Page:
For Saletan, the trouble with those terms is not just that they exclude taxpayer funding and teenagers’ rights. The swing voters to whom both pro-lifers and pro-choicers have appealed are not primarily motivated by the woman’s right to choose or the unborn child’s right to life, but by “the rights . . . of husbands, parents, businesses, and taxpayers.” Catering to their demands can generate results that are neither pro-life nor pro-choice–that threaten both women and children.

Saletan explores a series of cases in which what he calls “the right to choose life” has been threatened. Parents have tried to force their daughters to have abortions. Employers have sought to bar pregnant women, or women who could become pregnant, from certain jobs (for example, jobs involving lead exposure), leading to abortions and sterilizations. Politicians and judges have sought to implant Norplant, a contraceptive and abortifacient, in welfare recipients and criminals. In many places, welfare reformers have successfully imposed a “family cap”: Where welfare recipients had previously seen their payments rise as they had more children, under the cap they did not rise. Many pro-lifers and liberal pro-choicers opposed the family cap as a form of governmental encouragement of abortion. Conservative pro-choicers did not object to it.

Pro-choice tactics have exacted another cost as well. Because it downplayed the importance of the pregnant woman’s right and put all its energy into beating pro-lifers, the pro-choice movement got involved in fights it should have avoided. There was no need for pro-choice organizations to promote embryo-destroying stem-cell research, or to promote cloning to facilitate such research. These issues didn’t involve women’s control over their own bodies. The National Organization for Women came out for stem-cell research and cloning anyway.

Saletan is a sharp thinker and has a nice, clean writing style. His distinction between pro-choice conservatism and liberalism explains important features of the politics of abortion. There are indeed a great many middle-class voters who want to keep abortion legal because unwanted pregnancies are a threat to bourgeois family life. One might say, speaking bloodlessly, that these voters place order above liberty, equality, or justice. To put it in more human terms: Unplanned pregnancies are not part of their plans for their sons and daughters. This impulse is not entirely ignoble, even if Saletan makes no attempt to sympathize with it.

But Saletan’s account leaves out a lot. It wasn’t abortion-rights activists in Arkansas who drew a line between legal abortion and subsidized abortion. It was the federal courts that insisted on the former but not the latter. It isn’t “conservative pro-choice voters” who have kept abortion legal in the third trimester. It’s the courts. If Saletan were right, conservative pro-choicers would oppose bans on partial-birth abortion. Such prohibitions are a form of government activism; they regulate the conduct of adults as well as teens. But the conservative pro-choicers actually favor those bans. It’s the courts that have blocked them. Some polls suggest that a small majority of the public is willing to ban all abortions with exceptions for rape, incest, and the life of the mother.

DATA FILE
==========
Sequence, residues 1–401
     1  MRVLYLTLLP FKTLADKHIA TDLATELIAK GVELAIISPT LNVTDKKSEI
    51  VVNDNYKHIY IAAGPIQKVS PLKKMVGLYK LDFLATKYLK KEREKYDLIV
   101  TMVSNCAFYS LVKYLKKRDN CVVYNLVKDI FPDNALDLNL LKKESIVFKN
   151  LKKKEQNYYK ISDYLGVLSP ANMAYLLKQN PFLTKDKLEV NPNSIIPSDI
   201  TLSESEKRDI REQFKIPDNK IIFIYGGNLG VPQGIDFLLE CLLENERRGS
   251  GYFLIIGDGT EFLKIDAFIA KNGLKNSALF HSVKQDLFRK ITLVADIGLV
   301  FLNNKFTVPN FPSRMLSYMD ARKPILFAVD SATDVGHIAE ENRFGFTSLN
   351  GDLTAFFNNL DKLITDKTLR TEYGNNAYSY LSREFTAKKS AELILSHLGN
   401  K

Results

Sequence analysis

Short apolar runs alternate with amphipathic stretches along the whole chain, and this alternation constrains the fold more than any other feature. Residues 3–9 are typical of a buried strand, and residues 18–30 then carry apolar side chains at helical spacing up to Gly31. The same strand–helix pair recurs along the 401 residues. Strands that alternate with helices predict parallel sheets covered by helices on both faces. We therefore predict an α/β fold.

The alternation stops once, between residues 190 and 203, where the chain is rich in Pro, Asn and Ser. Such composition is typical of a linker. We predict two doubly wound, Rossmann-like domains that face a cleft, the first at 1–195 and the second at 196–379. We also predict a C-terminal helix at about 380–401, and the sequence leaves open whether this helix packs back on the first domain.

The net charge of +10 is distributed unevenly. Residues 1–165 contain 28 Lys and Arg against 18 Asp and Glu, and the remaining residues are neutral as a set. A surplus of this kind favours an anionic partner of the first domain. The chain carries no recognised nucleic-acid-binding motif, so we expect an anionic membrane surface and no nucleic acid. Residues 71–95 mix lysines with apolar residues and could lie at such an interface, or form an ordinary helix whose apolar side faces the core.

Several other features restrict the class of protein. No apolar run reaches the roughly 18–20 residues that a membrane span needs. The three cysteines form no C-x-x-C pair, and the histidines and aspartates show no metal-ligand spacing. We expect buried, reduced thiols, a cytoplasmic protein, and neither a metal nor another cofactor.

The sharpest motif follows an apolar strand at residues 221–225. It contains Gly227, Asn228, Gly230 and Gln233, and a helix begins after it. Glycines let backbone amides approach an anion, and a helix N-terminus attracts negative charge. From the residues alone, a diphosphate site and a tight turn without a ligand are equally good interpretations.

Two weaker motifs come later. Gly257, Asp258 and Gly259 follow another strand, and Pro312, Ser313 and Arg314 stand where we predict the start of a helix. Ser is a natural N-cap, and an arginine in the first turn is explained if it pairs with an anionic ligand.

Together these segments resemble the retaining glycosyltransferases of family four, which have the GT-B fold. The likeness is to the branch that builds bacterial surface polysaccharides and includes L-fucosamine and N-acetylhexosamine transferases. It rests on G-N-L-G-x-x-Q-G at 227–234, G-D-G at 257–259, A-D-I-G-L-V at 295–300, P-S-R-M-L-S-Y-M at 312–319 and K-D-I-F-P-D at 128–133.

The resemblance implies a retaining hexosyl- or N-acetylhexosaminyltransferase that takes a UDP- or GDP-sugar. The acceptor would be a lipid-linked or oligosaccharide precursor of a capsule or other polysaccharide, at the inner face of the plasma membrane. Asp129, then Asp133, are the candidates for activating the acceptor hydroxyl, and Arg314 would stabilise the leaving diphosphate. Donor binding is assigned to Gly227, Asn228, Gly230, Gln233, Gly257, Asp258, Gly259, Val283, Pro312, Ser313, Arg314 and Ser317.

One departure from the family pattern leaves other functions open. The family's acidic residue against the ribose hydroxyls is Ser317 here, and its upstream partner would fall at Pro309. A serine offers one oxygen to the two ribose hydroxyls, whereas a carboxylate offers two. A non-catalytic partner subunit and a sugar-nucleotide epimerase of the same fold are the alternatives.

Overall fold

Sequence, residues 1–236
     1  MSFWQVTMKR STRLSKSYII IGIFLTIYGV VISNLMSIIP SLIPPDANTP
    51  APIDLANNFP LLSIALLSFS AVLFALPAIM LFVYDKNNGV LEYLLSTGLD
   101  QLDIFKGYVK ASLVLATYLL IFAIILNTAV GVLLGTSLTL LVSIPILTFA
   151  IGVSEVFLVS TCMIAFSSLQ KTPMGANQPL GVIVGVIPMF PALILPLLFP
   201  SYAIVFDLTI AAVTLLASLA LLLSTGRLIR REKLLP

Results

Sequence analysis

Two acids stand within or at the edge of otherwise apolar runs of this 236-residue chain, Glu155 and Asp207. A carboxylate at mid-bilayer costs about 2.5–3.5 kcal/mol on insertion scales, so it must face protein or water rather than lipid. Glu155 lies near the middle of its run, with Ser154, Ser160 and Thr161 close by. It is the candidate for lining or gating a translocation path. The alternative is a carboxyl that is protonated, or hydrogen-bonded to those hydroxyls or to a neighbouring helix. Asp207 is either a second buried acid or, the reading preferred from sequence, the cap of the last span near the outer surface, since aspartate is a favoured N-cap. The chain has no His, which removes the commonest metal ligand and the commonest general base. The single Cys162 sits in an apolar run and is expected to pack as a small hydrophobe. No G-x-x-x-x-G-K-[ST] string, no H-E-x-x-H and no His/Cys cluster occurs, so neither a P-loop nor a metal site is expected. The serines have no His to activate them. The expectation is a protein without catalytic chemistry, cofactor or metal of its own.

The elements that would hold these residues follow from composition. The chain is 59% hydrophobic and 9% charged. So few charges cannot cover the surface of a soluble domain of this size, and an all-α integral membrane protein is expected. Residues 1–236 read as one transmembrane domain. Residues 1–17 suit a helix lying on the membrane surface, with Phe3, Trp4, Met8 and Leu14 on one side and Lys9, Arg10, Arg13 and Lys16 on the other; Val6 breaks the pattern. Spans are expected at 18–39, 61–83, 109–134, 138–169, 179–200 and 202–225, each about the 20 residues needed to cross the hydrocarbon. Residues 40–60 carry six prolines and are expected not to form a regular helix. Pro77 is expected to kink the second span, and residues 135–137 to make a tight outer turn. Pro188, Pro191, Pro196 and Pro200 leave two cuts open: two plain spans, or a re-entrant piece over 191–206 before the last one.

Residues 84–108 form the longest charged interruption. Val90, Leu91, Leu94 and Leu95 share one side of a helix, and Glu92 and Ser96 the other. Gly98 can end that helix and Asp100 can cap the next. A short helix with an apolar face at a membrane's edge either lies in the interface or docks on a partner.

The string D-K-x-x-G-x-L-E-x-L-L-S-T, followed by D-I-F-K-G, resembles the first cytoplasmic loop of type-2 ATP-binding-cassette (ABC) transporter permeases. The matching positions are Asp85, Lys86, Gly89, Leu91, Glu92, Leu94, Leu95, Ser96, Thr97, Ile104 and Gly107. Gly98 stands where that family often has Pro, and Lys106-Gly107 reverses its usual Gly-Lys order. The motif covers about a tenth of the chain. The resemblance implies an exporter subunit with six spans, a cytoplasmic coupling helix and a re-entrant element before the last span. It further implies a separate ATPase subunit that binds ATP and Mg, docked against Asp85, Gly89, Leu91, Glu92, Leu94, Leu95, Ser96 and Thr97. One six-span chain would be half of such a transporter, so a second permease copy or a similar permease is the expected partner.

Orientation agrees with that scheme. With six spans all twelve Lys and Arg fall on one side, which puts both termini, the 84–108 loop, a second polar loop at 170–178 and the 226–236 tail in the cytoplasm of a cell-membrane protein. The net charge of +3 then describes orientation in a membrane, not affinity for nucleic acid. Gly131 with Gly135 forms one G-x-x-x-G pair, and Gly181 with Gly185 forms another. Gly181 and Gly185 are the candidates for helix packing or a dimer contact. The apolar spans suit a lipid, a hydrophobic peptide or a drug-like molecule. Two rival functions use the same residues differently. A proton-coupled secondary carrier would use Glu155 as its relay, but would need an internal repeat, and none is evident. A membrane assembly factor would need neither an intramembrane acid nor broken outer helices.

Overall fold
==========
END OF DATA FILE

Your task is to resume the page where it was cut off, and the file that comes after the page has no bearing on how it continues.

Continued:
Saletan’s book is curiously silent about the extent to which the courts have shaped and structured the debate about abortion. If voters recoil from proposals for taxpayer funding and from bans, it’s in part because they require divisive political debate to enact. They are departures from the status quo–a status quo set by courts.

The courts, moreover, are still the place where resistance to strong parental-consent laws is mounted. The courts require, for example, that any parental-consent law include a provision for judges to bypass parents. Priscilla Owen, a Bush nominee to the federal bench, is being held up largely because the pro-choice lobby thinks she was too reluctant to take advantage of that loophole. Pro-choicers have not truly given up on parental consent.

Saletan believes that the pro-choice movement lost its way in the 1980s and ’90s. Some of us, of course, think it lost its way at the very start. But would pro-choicers really be better off if they had followed his implicit advice? They might not have lost their souls, in his terms, if they had promoted abortions for teenage girls on the taxpayer’s dime. They would have lost, period. Pro-choicers would have had to defend abortion as a good thing (at least in some tragic cases), and not just as something the law must tolerate. At no point in the last 30 years would that argument have sold.

Ramesh Ponnuru is a senior editor for National Review, a columnist for Bloomberg Opinion, a visiting fellow at the American Enterprise Institute, and a senior fellow at the National Review Institute.